Prior to joining the Commission, Johnson held endowed professorships at Emory University Law School and Tulane University Law School and visiting professorships at prestigious law schools around the nation. She is an elected member of the American Law Institute, an American Bar Foundation Fellow, and Chaired the Securities Regulation Section and the Executive Committee of the Business Associations and Financial Institutions and Consumer Financial Services Sections of the Association of American Law Schools.

Prior to entering the academy, Johnson served as Vice President and Assistant General Counsel in the Treasury Services Division at JP Morgan Chase and as a corporate associate at Simpson, Thacher, and Bartlett LLP’s New York and London offices. Before attending law school, Johnson served as an analyst at Goldman Sachs. She clerked for Judge Joseph Greenaway, Jr., Third Circuit Court of Appeals, when he served on the United States District Court for the District of New Jersey.

Johnson has a B.S. with honors from Georgetown University Edmund Walsh School of Foreign Service in comparative economics and a J.D. from The University of Michigan Law School. Johnson served as a senior editor of the Michigan Law Review.

Caroline A. Crenshaw, Nominee to be a Commissioner of the Securities and Exchange Commission

Caroline A. Crenshaw was unanimously confirmed by the U.S. Senate, and sworn into office as Commissioner of the U.S. Securities and Exchange Commission (SEC) on August 17, 2020.

Crenshaw brings to the SEC a range of securities law and policy experience and a commitment to public service and the SEC’s mission. As Commissioner, she has focused relentlessly on strengthening investor protections in our increasingly complex markets and helping to oversee the institutions that manage millions of Americans’ savings. Prior to that, she served as a career SEC staff attorney in the Division of Examinations and the Division of Investment Management, and as Counsel to Commissioners Kara Stein and Robert Jackson. In addition, Crenshaw currently serves as a captain in the U.S. Army Reserve, Judge Advocate General’s Corps.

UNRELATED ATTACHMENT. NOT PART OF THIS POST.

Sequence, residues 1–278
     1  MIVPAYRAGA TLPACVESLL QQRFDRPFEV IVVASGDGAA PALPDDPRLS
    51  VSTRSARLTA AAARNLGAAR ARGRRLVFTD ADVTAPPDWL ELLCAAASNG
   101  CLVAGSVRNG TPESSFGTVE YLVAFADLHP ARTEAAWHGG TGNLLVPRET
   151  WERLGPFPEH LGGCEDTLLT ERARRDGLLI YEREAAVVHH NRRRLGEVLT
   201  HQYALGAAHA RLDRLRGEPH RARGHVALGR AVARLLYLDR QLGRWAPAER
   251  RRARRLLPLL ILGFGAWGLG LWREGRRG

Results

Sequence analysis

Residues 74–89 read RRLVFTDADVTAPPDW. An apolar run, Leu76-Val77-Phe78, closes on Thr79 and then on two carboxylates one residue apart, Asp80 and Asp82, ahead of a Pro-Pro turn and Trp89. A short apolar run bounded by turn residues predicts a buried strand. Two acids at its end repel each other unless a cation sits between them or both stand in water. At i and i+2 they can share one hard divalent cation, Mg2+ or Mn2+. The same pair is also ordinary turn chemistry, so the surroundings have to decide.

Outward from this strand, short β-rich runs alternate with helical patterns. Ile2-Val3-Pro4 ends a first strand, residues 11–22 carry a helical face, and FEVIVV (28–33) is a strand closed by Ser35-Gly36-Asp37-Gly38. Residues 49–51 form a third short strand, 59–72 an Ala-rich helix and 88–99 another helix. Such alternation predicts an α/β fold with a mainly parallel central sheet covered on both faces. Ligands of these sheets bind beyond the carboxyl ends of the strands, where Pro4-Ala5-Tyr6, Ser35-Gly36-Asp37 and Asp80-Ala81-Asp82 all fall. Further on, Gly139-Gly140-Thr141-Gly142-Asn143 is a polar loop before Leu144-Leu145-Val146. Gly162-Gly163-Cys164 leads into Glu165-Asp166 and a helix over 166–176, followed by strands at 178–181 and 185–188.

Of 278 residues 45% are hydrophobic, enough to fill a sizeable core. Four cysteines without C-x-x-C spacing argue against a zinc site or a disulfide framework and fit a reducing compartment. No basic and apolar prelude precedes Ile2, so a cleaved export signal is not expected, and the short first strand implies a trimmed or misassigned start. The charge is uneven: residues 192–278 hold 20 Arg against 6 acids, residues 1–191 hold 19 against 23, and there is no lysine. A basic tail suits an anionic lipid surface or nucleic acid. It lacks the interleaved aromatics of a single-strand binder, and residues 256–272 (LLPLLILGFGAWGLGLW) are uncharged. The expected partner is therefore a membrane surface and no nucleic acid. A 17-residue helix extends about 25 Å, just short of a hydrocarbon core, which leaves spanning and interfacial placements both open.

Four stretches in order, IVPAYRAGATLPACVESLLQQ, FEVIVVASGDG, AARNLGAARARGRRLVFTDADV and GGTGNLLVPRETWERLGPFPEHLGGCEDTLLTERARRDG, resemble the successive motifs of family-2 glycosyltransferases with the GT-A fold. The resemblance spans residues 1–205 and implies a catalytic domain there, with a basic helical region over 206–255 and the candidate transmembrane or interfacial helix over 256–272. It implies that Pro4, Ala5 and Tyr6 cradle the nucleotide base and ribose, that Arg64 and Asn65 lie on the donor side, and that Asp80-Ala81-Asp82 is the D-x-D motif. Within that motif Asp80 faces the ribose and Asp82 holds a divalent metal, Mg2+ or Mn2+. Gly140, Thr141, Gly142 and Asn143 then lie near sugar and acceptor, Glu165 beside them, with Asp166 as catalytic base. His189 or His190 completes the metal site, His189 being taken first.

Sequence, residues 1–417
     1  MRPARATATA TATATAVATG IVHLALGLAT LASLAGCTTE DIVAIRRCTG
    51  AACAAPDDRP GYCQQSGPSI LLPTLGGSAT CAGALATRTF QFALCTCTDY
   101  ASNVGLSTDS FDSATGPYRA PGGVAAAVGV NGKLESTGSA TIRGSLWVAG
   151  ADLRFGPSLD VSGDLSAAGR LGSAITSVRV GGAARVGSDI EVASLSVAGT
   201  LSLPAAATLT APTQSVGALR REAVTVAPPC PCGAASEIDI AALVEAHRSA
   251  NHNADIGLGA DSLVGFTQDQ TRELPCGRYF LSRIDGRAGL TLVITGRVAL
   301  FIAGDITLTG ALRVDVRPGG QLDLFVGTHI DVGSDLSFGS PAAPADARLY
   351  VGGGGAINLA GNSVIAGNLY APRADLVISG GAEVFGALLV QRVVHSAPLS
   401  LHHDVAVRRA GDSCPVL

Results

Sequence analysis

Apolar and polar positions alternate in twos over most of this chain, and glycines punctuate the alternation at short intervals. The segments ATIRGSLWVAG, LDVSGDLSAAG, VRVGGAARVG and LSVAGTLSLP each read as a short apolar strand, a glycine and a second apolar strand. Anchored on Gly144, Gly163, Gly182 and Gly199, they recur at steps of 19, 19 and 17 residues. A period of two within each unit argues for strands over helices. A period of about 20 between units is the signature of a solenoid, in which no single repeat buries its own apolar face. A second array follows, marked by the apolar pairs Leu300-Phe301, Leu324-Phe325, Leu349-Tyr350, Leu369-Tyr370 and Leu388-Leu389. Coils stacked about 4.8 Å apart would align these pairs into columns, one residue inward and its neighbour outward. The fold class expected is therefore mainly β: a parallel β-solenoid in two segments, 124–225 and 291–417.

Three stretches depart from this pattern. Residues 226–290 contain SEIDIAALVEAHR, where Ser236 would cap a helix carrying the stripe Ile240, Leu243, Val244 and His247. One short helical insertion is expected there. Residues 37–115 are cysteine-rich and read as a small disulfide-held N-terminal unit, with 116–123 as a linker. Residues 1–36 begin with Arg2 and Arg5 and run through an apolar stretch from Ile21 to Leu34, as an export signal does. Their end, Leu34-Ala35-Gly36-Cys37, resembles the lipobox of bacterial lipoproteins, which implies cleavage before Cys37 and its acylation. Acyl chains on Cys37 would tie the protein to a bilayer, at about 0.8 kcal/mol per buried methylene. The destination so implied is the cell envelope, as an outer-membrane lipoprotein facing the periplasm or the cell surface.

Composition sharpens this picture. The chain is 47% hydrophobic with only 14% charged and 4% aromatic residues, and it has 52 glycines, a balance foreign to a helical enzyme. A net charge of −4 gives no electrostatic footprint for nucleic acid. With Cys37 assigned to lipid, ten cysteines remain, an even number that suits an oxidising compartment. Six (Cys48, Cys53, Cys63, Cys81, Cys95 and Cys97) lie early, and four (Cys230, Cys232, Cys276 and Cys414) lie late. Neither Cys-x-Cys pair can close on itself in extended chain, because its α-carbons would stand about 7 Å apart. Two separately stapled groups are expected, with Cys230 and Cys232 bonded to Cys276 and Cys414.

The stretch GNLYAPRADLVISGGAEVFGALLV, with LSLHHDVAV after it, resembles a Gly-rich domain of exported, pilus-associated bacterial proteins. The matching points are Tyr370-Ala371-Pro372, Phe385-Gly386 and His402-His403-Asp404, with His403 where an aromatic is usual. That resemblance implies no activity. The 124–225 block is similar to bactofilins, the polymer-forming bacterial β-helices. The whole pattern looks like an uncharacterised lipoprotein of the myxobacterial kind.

Prior to government service, Crenshaw practiced law in the Washington, D.C., office of Sutherland, Asbill and Brennan LLP. At Sutherland she represented public companies, broker-dealers, and investment advisers on complex securities law investigations and enforcement matters.

Gordon I. Ito, Nominee to be a Member of the Financial Stability Oversight Council

Gordon I. Ito currently serves as the Insurance Commissioner for the State of Hawaii. As Commissioner, he focuses on the risks and increased insurance costs that climate change poses to the insurance market. He is a member of several working committees, including the International Insurance Relations Committee.

Previously, Ito served as the National Association of Insurance Commissioners’ (NAIC) Secretary-Treasurer in 2018. He was a recipient of the Robert Dineen award in 2020, an award for Outstanding Service and Contribution to the State Regulation of Insurance. Gordon was the Chair of the NAIC’s Western Zone from 2013-2015, Vice Chair of the International Insurance Relation Committee in 2017 and chaired the International Regulatory Cooperation Working Group and the Information Systems Task Force (EX1). Prior to his appointment, Ito served as the Chief Deputy Insurance Commissioner from 2000 to 2010 and 2019 to 2022 and was the Staff Attorney, and Supervising Attorney of the Insurance Division between 1993 to 2000.

Ito earned a Bachelor’s degree in Business Administration from the University of Hawaii and a law degree from the University of Hawaii’s William S. Richardson School of Law.